The United States on Tuesday pledged to support Pacific nations after rejecting a deal with China, saying Beijing’s own actions showed how “opaque” its proposals were.
In a major diplomatic blow to Beijing, 10 Pacific island states on Monday turned down an offer that would have pulled them into China’s orbit.
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State Department spokesman Ned Price reiterated that the United States, like Australia, had made clear its concerns that China had offered a “vague” deal with regional consultations.
In keeping with Secretary of State Antony Blinken’s tone on the US rivalry with China, Price did not despair, saying the Pacific islands made their “sovereign decisions”.
“We remain committed to deepening our ties to our Pacific Island partners and the Indo-Pacific, including working together for our people,” Price told reporters.
Price highlighted concerns raised by journalists in Fiji, Samoa and the Solomon Islands who covered Chinese Foreign Minister Wang Yi’s visit, including his refusal to allow questions.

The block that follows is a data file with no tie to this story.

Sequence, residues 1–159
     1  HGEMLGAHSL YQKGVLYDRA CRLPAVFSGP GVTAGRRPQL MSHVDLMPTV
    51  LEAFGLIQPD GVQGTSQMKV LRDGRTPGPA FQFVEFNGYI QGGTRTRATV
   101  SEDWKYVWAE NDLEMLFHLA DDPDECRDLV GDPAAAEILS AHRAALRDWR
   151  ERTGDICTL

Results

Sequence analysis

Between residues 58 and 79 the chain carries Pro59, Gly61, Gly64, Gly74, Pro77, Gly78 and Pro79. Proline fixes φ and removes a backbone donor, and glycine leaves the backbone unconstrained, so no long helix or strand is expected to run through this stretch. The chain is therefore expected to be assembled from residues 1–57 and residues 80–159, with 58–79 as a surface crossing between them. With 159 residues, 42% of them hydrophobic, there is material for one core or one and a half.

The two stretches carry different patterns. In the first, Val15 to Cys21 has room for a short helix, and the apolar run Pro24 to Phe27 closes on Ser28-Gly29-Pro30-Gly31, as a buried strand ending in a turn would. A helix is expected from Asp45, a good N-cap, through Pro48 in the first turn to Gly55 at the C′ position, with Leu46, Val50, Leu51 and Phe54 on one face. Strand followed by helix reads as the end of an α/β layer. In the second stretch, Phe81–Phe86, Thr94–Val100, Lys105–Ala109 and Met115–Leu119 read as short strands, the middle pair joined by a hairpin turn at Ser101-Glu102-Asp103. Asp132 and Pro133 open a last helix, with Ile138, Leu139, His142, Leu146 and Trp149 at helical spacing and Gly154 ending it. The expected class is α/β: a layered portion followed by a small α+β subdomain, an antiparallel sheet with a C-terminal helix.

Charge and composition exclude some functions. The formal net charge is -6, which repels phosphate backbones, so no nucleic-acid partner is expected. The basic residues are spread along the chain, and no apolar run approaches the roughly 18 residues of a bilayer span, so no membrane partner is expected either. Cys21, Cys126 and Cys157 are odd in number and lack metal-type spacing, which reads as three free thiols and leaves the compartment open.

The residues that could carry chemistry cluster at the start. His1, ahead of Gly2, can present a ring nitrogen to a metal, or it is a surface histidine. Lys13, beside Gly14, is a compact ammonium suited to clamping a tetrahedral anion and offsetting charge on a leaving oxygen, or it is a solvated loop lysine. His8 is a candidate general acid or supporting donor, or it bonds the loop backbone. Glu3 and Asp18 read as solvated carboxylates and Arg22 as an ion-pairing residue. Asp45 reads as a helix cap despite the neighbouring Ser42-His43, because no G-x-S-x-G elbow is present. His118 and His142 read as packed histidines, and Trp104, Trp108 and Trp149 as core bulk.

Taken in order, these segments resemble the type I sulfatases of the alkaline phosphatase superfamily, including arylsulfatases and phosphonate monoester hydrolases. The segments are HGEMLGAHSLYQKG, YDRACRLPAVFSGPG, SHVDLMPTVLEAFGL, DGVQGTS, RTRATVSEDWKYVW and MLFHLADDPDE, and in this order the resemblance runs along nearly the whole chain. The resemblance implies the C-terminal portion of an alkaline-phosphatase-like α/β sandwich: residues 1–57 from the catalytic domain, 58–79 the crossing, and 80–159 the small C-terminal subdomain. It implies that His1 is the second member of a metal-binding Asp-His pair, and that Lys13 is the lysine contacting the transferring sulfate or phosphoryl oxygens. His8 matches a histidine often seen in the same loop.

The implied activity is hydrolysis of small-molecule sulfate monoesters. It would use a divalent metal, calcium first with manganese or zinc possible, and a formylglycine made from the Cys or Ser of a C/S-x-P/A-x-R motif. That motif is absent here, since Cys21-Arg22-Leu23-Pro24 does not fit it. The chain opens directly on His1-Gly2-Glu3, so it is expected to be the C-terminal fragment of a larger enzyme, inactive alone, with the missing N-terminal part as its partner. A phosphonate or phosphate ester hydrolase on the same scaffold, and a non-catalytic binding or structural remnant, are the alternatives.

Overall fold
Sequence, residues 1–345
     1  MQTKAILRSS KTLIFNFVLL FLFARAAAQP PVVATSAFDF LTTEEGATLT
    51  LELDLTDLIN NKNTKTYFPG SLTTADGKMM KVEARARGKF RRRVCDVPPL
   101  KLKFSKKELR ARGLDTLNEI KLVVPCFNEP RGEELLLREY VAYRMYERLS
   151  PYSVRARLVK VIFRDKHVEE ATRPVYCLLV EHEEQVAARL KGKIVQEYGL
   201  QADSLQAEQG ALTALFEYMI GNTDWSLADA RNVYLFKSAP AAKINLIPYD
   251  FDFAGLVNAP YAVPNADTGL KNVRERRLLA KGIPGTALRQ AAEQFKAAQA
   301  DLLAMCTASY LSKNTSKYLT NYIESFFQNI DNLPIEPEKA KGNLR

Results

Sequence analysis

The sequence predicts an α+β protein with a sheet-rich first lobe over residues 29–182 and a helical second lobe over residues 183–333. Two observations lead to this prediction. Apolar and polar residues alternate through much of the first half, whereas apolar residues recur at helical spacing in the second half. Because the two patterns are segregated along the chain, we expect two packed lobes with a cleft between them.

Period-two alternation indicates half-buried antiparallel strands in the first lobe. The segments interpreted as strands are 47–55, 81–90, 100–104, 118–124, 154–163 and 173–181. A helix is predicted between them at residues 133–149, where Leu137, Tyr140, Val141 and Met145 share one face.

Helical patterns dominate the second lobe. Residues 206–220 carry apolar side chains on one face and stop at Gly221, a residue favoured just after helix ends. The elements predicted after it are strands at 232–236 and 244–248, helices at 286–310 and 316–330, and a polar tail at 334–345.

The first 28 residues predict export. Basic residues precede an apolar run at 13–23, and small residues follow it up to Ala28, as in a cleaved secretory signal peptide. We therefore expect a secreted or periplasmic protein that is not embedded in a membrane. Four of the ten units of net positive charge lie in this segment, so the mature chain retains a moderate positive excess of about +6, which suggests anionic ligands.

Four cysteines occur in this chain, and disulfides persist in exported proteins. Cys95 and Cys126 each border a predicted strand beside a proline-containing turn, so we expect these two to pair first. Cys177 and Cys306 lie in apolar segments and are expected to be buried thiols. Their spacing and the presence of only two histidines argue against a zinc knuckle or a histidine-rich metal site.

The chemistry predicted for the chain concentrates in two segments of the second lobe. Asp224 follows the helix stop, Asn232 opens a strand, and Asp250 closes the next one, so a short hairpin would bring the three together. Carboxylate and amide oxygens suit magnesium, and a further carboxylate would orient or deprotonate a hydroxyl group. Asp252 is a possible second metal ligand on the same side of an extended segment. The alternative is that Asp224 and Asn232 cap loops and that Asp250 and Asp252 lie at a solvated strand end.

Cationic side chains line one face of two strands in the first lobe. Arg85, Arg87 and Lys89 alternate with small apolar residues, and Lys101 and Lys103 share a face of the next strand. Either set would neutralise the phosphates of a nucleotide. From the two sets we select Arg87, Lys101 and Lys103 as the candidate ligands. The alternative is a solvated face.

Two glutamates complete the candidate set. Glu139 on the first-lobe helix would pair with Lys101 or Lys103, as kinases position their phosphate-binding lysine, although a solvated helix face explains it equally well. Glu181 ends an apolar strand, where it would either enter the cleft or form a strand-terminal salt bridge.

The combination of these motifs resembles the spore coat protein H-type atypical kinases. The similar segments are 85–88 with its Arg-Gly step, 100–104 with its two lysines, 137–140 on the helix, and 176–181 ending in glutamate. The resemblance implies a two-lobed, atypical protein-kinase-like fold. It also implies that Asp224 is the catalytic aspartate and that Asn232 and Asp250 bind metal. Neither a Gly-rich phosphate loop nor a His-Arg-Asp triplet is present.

“When we talk about these opaque, vague deals, I think you just need to look at the PRC’s efforts to obscure these deals,” Price said, referring to the People’s Republic of China .
Beijing “even attempted to go as far as to prevent officials in the region from confronting journalists in their own country,” he said.
China had proposed a deal that would include expanded training of Pacific Island police, sensitive oceanic mapping and greater access to natural resources.
In return, Beijing will offer millions of dollars in financial aid and the prospect of a free trade agreement for China’s market, the world’s largest market of 1.4 billion people.
In a recent letter to fellow leaders, the President of the Federated States of Micronesia, David Panuelo, warned that the proposal was “outrageous” and would “ensure Chinese influence in government” and “economic control” of key industries.
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